Melvin Ember

Melvin Ember

Mel Ember, ca. 1990
Born January 13, 1933
Brooklyn, NY
Died September 27, 2009
New Haven, CT
Residence United States
Citizenship American
Fields anthropology, ethnology, cross-cultural studies
Institutions City University of New York, Human Relations Area Files
Alma mater Yale University
Academic advisors George Peter Murdock
Known for

cross-cultural research kinship studies

scientific anthropology
Notable awards Fellow, American Association for the Advancement of Science

Melvin Lawrence Ember (January 13, 1933 – September 27, 2009) was an American cultural anthropologist and cross-cultural researcher with wide-ranging interests who combined an active research career with writing for nonprofessionals.


Drawn to anthropology after reading the works of Margaret Mead, he attended Columbia University at the young age of 16 where he was further inspired by Elman Service and Morton Fried in the anthropology department (B.A. 1953). He then went on to Yale University to study for his Ph.D. in anthropology (received 1958), primarily under the mentorship of George Peter Murdock.

After a year’s postdoctoral work at Yale, Ember spent four years at the Laboratory of Socio-Environmental Studies at the National Institute of Health (1959–62). He was professor at Antioch College (1963–67) and Hunter College (1967–87). He also chaired the department of anthropology at Hunter College of the City University of New York (1967–73). Here he succeeded in expanding the department significantly, attracting young scholars from major institutions. He also served as executive officer of the City University of New York graduate program in anthropology from 1973 to 1975.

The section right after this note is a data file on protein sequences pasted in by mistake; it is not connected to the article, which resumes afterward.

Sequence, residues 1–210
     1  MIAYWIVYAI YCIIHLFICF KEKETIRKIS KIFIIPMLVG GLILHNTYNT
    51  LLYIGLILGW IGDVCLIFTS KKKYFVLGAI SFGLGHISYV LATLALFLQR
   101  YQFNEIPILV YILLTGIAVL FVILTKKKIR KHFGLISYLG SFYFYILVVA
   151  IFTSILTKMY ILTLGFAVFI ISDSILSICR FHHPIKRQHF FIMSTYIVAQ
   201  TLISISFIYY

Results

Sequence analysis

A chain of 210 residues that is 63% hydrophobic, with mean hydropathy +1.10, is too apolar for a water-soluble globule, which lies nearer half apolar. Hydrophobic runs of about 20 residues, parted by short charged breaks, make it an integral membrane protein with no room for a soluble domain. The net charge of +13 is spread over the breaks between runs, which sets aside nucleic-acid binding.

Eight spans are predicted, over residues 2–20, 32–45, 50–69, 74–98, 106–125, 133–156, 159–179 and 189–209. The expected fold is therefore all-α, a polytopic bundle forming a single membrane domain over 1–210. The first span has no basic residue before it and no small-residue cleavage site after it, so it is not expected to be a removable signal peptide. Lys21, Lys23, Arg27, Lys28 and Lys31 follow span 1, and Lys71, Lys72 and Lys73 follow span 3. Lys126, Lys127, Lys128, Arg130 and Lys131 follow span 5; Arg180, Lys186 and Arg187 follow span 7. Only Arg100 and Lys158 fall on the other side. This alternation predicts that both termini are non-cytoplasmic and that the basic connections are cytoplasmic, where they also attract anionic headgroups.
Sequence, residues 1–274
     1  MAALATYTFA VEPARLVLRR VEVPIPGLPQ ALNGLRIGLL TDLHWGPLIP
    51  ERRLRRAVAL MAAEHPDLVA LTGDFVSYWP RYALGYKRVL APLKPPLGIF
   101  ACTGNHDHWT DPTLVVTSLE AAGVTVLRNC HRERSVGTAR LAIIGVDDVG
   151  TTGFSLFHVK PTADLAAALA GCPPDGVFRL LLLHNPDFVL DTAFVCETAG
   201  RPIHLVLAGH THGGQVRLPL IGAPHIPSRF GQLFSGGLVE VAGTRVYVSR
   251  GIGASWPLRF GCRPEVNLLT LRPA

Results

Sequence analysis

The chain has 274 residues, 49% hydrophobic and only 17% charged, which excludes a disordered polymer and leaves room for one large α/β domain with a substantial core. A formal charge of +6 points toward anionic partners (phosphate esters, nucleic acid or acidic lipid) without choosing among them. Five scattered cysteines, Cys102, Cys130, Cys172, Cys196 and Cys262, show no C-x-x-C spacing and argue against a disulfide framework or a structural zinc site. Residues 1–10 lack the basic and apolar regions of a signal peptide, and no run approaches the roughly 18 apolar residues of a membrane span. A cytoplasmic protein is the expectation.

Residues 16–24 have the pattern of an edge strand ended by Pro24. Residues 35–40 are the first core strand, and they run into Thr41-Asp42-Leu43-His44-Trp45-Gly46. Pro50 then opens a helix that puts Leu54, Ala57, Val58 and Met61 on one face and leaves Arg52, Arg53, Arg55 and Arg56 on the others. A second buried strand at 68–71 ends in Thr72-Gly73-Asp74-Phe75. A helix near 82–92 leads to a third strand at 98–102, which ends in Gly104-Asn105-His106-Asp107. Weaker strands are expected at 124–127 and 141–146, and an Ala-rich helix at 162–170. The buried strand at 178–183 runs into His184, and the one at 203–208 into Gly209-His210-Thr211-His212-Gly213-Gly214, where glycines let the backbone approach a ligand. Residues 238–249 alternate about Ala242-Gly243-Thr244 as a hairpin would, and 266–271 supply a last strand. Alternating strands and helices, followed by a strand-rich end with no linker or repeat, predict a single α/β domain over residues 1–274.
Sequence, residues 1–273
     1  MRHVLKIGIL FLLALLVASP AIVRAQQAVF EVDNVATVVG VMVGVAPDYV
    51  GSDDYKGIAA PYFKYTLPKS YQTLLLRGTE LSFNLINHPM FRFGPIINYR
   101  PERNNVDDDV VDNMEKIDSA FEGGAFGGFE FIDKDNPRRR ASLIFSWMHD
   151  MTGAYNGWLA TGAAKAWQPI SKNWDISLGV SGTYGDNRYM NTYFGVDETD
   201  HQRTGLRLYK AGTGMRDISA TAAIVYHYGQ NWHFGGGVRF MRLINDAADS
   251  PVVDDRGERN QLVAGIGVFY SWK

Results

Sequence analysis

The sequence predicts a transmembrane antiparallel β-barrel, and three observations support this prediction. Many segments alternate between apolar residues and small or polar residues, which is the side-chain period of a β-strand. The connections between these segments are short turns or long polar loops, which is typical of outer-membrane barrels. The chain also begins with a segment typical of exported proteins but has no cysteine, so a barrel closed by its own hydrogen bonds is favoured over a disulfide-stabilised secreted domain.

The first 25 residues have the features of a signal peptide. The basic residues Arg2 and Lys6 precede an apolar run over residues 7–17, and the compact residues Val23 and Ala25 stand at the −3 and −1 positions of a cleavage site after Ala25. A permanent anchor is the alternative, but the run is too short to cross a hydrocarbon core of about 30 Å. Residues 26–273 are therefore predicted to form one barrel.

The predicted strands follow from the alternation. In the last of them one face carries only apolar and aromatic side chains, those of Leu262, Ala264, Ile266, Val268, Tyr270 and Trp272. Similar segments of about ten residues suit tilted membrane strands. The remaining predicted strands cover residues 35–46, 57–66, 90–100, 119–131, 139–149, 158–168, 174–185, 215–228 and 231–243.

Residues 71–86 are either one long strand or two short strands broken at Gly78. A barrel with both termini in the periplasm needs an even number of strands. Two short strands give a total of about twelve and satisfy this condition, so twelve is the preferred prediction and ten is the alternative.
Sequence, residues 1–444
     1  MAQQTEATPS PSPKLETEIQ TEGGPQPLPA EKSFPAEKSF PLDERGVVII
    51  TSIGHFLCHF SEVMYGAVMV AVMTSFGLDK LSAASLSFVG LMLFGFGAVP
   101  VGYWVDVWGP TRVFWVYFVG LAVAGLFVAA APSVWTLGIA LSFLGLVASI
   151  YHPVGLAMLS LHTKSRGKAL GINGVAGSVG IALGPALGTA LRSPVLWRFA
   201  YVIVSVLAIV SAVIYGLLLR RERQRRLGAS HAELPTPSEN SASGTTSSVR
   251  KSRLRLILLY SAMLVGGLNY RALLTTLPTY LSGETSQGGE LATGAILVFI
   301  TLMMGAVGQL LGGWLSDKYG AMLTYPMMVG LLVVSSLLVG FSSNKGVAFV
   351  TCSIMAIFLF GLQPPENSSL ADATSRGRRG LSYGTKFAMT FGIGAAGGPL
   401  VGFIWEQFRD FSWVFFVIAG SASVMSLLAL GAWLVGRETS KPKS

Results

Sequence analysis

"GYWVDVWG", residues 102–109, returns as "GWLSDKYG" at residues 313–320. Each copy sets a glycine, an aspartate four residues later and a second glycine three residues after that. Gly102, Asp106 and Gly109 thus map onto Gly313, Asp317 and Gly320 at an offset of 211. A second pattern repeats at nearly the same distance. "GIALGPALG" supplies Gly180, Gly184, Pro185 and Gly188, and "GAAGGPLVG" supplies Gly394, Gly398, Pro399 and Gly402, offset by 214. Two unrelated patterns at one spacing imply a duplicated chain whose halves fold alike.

He was president of the Society for Cross-Cultural Research in 1981–82 and in 1982 took over the editorship of Cross-Cultural Research, a position he held until the time of his death. He moved to the New Haven area in 1987 to become president of the Human Relations Area Files (HRAF), an institution at Yale whose mission is to foster the comparative study of culture. Under his leadership, he helped revitalize the institution, moving its databases into the digital age.[1][2]



In contrast to most cultural anthropologists at the time, who conducted their fieldwork in a single community, Ember's fieldwork in American Samoa was explicitly comparative, using community variation to test theories about culture change. He chose three communities differing in distance from the commercial center to evaluate how commercial involvement affected political change.

His assessment of Samoan kinship was subsequently challenged by Derek Freeman, long before the now-famous Mead–Freeman controversy about Samoa. Because Ember knew, from his cross-community comparisons, that there was substantial variation within American Samoa, he questioned how Freeman, working in a very different time and in Western Samoa, could doubt Mead’s veracity.[3]

National Institute of Mental Health

At the National Institute of Mental Health Embler worked on the universality of the familial incest taboo. Since all societies prohibit familial incest, he decided to focus on cross-cultural variation in cousin marriage to try to understand why some societies allowed close cousin marriages while others forbade it.

After evaluating the various explanatory hypotheses of the time, his own empirical research confirmed that much of the variation in cousin marriage could best be explained as an adaptation to the harmful effects of inbreeding.[4]

Cross-cultural work

As a professor at Antioch College and Hunter College Ember continued his cross-cultural work on aspects of kinship and social organization, picking up first on topics that Murdock was unable to explain, such as variation in post-marital residence and unilineal descent. Traditional theories had focused on economic factors, such as which gender contributed most to the economy, but finding these explanations lacking in predictive value, Ember began to explore other possibilities, particularly the effects of warfare in the social environment.[5]